1. I love mayonnaise. LOVE it. I eat it on fries. And eggs. On poutine (I hate you, Canada, for introducing me to this delciousness!!!). I have never really had it on poutine, but I want to. On enchiladas (that dish is called Enchiladas Montadas, because I guess they are mounted?) I put mayo and eggs in the same category. I actually made up a sandwich in college that was quite a hit (perhaps more so among the crowd that spends their time in a cloud of therapeutic smoke, if you  know what I mean.). The Maggie Sandwich (I wish it was as titillating as it sounds) consisted of:  a fried egg, american cheese,  and fried bologna. The (white!) bread was buttered on the outside, and the whole thing was toasted in a skillet, like a grilled cheese sandwich. I could use one of those now! And the answer to your next question is yes, I was chubbier in college. And as for your second question? DO NOT EVEN TRY TO GIVE ME MIRACLE WHIP!!! You Brits though have a lovely thing called salad cream, and that is really tasty also. I could dedicate this post to all the things I love to eat, acually: fruit chutneys with cheese, a stack of chocolate chip cookies piled in a mug with milk poured on top and eaten with a spoon, peanut butter....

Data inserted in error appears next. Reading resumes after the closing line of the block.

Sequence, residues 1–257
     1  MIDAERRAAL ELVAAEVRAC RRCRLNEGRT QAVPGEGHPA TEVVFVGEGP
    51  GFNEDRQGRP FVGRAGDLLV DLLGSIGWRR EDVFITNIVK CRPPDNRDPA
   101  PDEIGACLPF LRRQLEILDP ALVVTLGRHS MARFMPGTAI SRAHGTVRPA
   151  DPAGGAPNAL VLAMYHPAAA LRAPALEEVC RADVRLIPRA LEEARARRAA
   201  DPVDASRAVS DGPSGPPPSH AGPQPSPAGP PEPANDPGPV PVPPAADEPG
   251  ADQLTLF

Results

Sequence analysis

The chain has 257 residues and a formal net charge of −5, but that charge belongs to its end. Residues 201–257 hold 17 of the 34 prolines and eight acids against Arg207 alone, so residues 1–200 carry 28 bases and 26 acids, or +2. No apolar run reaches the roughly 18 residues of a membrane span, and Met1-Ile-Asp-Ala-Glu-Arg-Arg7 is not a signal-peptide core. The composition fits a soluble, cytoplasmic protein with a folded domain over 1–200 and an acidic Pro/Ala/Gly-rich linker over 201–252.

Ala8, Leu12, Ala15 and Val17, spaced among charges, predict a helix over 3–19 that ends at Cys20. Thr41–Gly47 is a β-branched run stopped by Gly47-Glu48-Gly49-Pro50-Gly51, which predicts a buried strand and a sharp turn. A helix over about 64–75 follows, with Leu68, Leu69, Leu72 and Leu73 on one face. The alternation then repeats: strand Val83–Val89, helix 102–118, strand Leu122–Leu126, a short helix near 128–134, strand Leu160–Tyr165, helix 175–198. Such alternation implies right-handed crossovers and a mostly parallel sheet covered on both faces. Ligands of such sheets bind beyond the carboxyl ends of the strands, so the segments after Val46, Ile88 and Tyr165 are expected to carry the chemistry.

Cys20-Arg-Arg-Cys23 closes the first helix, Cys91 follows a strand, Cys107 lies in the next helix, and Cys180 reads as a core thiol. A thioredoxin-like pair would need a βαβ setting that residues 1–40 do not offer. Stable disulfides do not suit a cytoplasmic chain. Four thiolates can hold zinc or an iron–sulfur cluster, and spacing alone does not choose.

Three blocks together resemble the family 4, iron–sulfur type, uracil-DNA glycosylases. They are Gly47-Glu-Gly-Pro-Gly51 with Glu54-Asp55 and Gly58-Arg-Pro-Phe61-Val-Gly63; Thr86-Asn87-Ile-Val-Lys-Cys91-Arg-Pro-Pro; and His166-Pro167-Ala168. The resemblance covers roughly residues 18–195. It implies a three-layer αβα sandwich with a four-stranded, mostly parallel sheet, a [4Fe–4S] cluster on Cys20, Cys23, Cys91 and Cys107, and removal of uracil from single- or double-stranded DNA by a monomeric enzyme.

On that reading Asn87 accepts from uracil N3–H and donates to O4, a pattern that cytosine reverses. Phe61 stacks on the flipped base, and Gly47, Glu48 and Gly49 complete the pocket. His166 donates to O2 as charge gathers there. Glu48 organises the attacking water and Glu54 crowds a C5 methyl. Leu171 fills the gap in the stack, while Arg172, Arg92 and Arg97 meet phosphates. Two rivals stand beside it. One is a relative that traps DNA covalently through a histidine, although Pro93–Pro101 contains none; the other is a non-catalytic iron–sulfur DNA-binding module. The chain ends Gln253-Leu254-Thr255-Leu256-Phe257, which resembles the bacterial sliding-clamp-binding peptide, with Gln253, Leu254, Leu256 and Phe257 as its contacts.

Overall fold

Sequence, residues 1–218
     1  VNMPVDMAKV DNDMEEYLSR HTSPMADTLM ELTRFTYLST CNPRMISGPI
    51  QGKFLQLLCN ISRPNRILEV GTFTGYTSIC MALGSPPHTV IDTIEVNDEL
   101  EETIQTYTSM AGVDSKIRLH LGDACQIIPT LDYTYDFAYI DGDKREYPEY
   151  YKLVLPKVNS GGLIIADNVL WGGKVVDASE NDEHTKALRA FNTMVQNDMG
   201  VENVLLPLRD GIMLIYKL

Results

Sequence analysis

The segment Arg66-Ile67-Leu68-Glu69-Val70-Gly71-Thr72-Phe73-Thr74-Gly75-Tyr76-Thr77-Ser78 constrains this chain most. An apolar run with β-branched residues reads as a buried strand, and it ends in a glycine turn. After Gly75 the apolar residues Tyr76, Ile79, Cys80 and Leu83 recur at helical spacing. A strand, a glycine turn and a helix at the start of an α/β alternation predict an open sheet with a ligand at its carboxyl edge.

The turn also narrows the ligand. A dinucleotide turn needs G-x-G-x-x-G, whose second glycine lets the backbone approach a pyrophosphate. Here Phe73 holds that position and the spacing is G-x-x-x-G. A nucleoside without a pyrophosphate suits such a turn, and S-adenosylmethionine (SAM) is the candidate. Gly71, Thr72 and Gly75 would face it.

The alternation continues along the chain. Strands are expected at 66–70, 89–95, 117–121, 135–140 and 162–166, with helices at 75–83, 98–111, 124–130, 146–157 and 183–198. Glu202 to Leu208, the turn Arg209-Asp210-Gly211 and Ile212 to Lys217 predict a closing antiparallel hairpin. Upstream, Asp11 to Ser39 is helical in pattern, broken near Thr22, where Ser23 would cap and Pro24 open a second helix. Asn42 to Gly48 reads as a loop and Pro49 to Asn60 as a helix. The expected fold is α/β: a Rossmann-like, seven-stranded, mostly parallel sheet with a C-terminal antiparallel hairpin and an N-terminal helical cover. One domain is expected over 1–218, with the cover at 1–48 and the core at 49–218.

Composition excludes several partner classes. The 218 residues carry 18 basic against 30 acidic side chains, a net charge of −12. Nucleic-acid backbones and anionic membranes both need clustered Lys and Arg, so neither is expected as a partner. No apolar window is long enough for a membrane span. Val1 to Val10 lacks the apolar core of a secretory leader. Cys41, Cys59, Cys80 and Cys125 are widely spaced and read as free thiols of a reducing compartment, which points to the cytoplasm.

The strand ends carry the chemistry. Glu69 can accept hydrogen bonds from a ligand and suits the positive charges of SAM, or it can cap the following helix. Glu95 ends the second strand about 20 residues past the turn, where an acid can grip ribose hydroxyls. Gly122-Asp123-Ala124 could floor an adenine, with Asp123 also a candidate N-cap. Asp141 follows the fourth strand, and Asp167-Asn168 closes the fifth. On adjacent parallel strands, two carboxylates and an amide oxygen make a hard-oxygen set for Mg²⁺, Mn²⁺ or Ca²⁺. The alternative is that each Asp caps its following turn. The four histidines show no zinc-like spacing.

2. I pick up accents fairly quickly. It's embarrassing, because the cumulative effect is that I sound like I am mocking people. By far the worst was when we were in Ireland, because that little lilt? At the end of a phrase? That sounds like a question? Yes. That one. I also can do a pretty good Australian accent (on purpose) but I have to to be reading something out loud - it doesn't just come out. No alcohol required.